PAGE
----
University of Waikato ecologist Professor Bruce Clarkson was awarded the Hamilton Kirikiriroa Medal, one of the city's highest accolades.
The medal recognises his research which has guided many biodiversity and ecological restoration projects, including Waiwhakareke Natural Heritage Park and the Hamilton gully restoration programme.
Since 2016 Clarkson has led a Ministry of Business, Innovation and Employment (MBIE) funded research programme.
Hamilton mayor Paula Southgate, who presented the medal, says: "Bruce is a huge treasure to council - and a taonga for our city - because we can rely on him for all the years of work he has done and the expertise he has.
"New Zealand's biodiversity is under great threat. If it wasn't for people like Bruce, we'd be in a worse situation."
The Hamilton Kirikiriroa Medal was also awarded to Clarkson's wife, Dr Bev Clarkson, an internationally renowned expert in wetland research and restoration at Manaaki Whenua - Landcare Research.
Clarkson says he and Bev, who is also a Waikato University alumnus, were "honoured" to receive their medals.
"It shows that our research is valued and that the council understands the value of investment in nature."
Southgate recalls meeting Professor Clarkson early in her political career, when he laid out his vision for Waiwhakareke park near Hamilton Zoo, on the north-west edge of suburban Hamilton.
Since 2004, the 65.5 hectare council-owned site has been transformed from farm paddocks into an internationally acclaimed regenerating native forest, wetland and a lake ecosystem rich in biodiversity. Community groups and schools have rallied to plant native trees and develop the area.
Clarkson his team have been involved in this project for more than 16 years.
"People are amazed at what we've done at Waiwhakareke," says Clarkson. "Internationally, they can't believe it. To get valuable land in the city, and turn it back into native ecosystems, is not a common thing."
Clarkson's multidisciplinary MBIE-funded project called People, Cities and Nature, has helped guide many councils and communities around New Zealand.
For years, he has been fuelled by a passion to bring nature back into our cities, including in Hamilton.
It was his vision and research that helped to launch Waiwhakareke in 2004, a community project that has gathered hundreds of advocates along the way, from councillors to school children.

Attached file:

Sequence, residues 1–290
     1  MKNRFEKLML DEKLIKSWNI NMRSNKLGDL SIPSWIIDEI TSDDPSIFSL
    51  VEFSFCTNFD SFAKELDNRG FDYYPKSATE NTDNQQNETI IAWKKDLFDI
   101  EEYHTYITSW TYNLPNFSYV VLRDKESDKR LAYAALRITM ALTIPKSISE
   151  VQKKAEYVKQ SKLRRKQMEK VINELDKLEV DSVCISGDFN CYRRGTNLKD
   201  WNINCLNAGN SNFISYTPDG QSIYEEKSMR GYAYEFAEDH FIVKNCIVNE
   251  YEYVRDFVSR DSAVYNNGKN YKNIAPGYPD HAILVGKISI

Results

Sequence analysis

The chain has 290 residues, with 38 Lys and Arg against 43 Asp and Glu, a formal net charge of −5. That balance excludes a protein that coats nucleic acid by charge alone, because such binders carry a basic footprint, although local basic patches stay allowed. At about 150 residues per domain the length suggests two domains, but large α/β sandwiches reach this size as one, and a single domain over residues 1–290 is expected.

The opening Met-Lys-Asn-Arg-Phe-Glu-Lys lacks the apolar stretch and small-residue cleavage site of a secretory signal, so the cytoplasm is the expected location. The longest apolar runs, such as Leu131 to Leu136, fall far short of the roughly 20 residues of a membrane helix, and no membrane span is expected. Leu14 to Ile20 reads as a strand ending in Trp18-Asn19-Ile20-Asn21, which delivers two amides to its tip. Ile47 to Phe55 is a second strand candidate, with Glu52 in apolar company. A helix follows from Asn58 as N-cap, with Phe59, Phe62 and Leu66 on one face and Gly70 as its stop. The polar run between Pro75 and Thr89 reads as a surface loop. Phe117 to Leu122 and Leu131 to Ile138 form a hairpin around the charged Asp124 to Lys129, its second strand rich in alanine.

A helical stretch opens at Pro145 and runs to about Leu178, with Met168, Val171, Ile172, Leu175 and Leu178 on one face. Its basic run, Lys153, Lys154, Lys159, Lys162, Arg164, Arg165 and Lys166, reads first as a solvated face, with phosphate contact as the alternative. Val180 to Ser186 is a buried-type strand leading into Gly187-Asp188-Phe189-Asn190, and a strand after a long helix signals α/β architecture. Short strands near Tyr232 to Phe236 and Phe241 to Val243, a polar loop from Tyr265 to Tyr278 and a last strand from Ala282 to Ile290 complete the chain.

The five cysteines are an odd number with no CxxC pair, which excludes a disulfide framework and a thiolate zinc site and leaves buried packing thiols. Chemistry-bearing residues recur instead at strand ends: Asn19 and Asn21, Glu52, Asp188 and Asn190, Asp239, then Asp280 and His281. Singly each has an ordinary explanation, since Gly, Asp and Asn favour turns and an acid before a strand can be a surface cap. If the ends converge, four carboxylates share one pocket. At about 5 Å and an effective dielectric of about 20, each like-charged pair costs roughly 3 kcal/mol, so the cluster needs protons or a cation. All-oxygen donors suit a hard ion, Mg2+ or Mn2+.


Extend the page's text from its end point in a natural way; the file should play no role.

"It's not just for the sake of biodiversity, it's a place of recreation and a place where the community is working collectively, building social cohesion. It has multiple benefits, not just the biodiversity we are bringing," says Clarkson.
"Bruce's research has created a massive ripple effect in the community," says Southgate. "He shares his knowledge in such a relaxed, low key way which means it becomes accessible to everyone."
His research has also supported urban gully restoration. Hamilton has four major gully systems, winding through some 750ha of its suburban backyards.
"These are really important because they are the lungs of our city," says Southgate.
"They rejuvenate the air we breathe, they filter our run-off water, they provide a home for native birds and other critters, and they are absolutely fundamental to protecting our biodiversity for the future."
Greening urban environments also has benefits for human health and wellbeing, which is the focus of Clarkson's new MBIE Endeavour Fund research proposal, Restoring Urban Nature.
"As our cities get bigger and our buildings get higher, green space becomes actually pivotal in my view," says Southgate. "And Bruce has always known that - the healing power of being in green space."
Southgate recalls visiting the eco-sanctuary with naturalist Ruud Kleinpaste, "New Zealand's bug man".
"He said that Waiwhakareke was the best example of urban restoration that he has seen in the whole country. What he liked about it was that it was natural and uncontrived."
Its value as an educational space for local school children – whether planting for Arbor Day or learning about pest management and "the little critters and the fish that live there" is "priceless", she adds.
"But also, it's a beautiful, serene place. The natural environment is important - to have somewhere where you can go to connect back to life through nature."
Southgate says Waiwhakareke was a vision that Hamilton City Council supported along with Waikato Regional Council, Waikato University, Wintec and iwi, community and biodiversity organisations.
Every year on Arbor Day, and on countless other days, the people gather at Waiwhakareke to plant trees. In the beginning, planting focused on the margins of Horseshoe Lake and progressively expanding outwards.
Waiwhakareke is now an outdoor classroom and a place where mātauranga Māori (traditional Māori knowledge) is celebrated, alongside the study of flora and fauna.
It also has an appeal as a visitor destination, located next to Hamilton Zoo. A new shared entry is being built to showcase this important conservation precinct.
"On one side of the road you can go and see world ecosystems like the South African savannah, with giraffes and other animals that belong in South Africa, and then you come to the other side of the road and see New Zealand as it was before European settlement," says Clarkson
His research on indigenous biodiversity continues to shape the city and has been incorporated into the Hamilton City Council 2021-2031 Long-Term Plan.
Some $29 million is earmarked for restoring and improving the city's extensive gully network, with the council aiming to increase urban indigenous vegetation cover from two to 10 per cent.